Although it was one of the most painful, humiliating moments of my life, being raped allowed me to heal old wounds from my childhood that I never knew existed. It also exposed me to my strengths, and allowed me to expose the lies that I once believed about myself. Although I would not wish being raped on my worst enemy, I was finally able to see myself as a victor and not a victim. If you are struggling from past trauma, here are some helpful tips:

  • Your Power Can Never Be Taken Away: Being raped, or dealing with any tragedy, cannot steal your power. Even though you may feel powerless, the truth is that who you are at the core, can never really change. The way you see yourself can change. In order to reclaim your power, you must use only powerful words to describe yourself, choose the best relationships, drop all negativity in your life-including toxic people, and choose non-verbal behaviors that exude confidence.

 

  • Let Yourself Off The Hook: When painful experiences happen to us, it can decrease our self-confidence, which affects every area of our lives. After going through a tragedy, notice how you feel about yourself. If you feel any shame or guilt, it’s best for you to learn the lessons your pain is trying to tell you, and then let yourself off the hook. Realize that you did the best you could at the time. Begin the work to release your negative emotions, so that you can start to feel more confidence. The Trauma Breakthrough Guide & Workbook: 12 Secrets to Slaying The Toxic Emotions That Are Ruining Your Life, has helpful tips and strategies for becoming more empowered. Check it out here: https://www.amazon.com/dp/B01N7ZUPD7

 

  • Self-Love is Always the Lesson: Your most painful life experience can teach you how to love yourself. I used to believe that tragedies had the power to stop us from living our greatness. They can only do that when we get stuck in fear, anger, guilt or resentment. The truth is, it is through our tragedies that we are introduced to our greatest strengths. We don’t know who we really are until we are pushed to our limits.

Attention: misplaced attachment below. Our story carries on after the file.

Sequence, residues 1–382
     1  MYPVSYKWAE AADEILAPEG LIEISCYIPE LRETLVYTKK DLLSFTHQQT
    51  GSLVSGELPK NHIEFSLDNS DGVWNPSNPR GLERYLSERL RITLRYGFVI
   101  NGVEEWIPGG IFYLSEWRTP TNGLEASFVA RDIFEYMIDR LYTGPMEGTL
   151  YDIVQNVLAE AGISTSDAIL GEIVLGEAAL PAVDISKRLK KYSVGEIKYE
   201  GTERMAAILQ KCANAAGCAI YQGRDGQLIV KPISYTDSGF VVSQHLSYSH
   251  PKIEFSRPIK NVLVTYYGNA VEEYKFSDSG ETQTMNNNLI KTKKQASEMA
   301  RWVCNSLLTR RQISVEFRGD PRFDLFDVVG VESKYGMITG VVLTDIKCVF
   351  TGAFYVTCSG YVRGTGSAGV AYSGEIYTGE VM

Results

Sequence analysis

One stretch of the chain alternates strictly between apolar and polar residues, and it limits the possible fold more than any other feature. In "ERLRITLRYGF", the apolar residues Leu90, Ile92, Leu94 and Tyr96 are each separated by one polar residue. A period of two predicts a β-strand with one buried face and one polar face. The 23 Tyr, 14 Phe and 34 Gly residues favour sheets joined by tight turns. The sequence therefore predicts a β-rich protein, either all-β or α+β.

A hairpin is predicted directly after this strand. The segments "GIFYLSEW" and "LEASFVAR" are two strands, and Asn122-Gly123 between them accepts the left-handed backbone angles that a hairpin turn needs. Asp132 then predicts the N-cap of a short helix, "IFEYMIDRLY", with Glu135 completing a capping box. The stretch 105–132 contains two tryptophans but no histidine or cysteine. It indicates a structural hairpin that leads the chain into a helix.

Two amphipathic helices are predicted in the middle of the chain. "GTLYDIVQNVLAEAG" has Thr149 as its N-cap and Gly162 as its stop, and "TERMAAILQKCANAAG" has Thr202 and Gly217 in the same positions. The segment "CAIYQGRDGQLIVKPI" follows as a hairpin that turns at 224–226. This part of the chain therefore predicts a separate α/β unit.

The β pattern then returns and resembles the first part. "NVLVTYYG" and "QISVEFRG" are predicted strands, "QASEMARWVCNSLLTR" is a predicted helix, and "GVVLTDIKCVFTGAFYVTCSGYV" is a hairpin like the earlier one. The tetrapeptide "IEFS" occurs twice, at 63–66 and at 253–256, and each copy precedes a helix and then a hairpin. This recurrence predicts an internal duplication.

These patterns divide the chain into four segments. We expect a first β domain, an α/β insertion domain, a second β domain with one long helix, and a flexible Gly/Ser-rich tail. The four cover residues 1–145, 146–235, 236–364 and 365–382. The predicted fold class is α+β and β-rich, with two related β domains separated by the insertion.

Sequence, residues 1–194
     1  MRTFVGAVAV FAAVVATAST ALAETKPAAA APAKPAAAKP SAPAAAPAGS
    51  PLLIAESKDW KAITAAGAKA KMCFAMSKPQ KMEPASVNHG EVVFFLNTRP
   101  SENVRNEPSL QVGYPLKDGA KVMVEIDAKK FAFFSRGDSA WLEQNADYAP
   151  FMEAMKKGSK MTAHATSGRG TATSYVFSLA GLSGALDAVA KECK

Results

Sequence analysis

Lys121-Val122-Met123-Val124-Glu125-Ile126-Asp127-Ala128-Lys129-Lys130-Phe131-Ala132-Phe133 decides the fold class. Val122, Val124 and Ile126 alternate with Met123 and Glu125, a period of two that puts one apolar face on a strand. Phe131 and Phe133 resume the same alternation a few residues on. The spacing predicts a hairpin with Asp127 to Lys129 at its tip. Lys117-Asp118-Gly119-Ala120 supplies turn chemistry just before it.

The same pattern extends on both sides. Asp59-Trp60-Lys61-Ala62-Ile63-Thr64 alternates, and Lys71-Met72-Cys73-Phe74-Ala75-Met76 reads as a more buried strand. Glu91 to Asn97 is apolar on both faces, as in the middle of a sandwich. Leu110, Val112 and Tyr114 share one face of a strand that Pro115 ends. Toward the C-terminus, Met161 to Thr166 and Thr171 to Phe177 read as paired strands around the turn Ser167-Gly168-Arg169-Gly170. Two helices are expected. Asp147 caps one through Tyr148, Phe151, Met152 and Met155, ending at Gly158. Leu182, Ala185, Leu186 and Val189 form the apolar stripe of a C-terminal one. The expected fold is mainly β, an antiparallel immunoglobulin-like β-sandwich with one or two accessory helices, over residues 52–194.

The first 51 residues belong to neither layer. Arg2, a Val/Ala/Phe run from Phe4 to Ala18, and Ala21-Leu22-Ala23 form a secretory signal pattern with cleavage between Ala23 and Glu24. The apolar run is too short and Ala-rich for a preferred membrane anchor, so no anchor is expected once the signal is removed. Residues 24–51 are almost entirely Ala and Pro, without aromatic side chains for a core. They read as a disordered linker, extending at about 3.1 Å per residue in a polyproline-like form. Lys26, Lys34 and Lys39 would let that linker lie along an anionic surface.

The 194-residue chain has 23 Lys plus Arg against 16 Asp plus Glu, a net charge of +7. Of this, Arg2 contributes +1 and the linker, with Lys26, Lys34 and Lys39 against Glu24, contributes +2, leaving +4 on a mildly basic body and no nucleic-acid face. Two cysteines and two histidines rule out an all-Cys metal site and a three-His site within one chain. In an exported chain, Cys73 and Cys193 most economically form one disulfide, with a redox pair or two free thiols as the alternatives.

If something painful in your life has been holding you back from loving yourself, start to do small things that make you feel good about yourself. Self-care is crucial. Treat yourself well by eating healthy, exercising, choosing to be around positive people, and doing things you love to do. When you look into the mirror, tell yourself “I love you.”  At first, you may feel like you’re lying to yourself, but the more you say it and back it up with positive actions, the more you will feel it. Self-love is a commitment we make to ourselves. No matter what happens in our lives, we can choose to use our experiences to bring us closer to love.

Florence Edwards, also known as Coach Flo, is a Certified Holistic Life Coach, published self-help author, publicist, and consultant at Publicity 911. She specializes in helping people all over the world transform fear and anxiety into success, and is an advocate for at-risk youth and former foster youth who struggle with fear and anxiety, loss, and abandonment. Her non-traditional coaching methods help people from all walks of life create greatness from life’s biggest tragedies. Flo has written two self-helps books, Heal Your Anxiety Now!, and The Trauma Breakthrough Guide & Workbook. Flo’s work has appeared in The Huffington Post, Heart & Soul Magazine, BET Centric, Foster Focus Magazine, and many others. Visit www.CoachFloEnterprises.com for more information.

Contact Flo at [email protected] or [email protected].

Follow Coach Flo:
https://twitter.com/Publicity911
https://www.linkedin.com/in/flothepublicist/
https://www.instagram.com/coachflo2017/
https://www.facebook.com/florence.edwards.904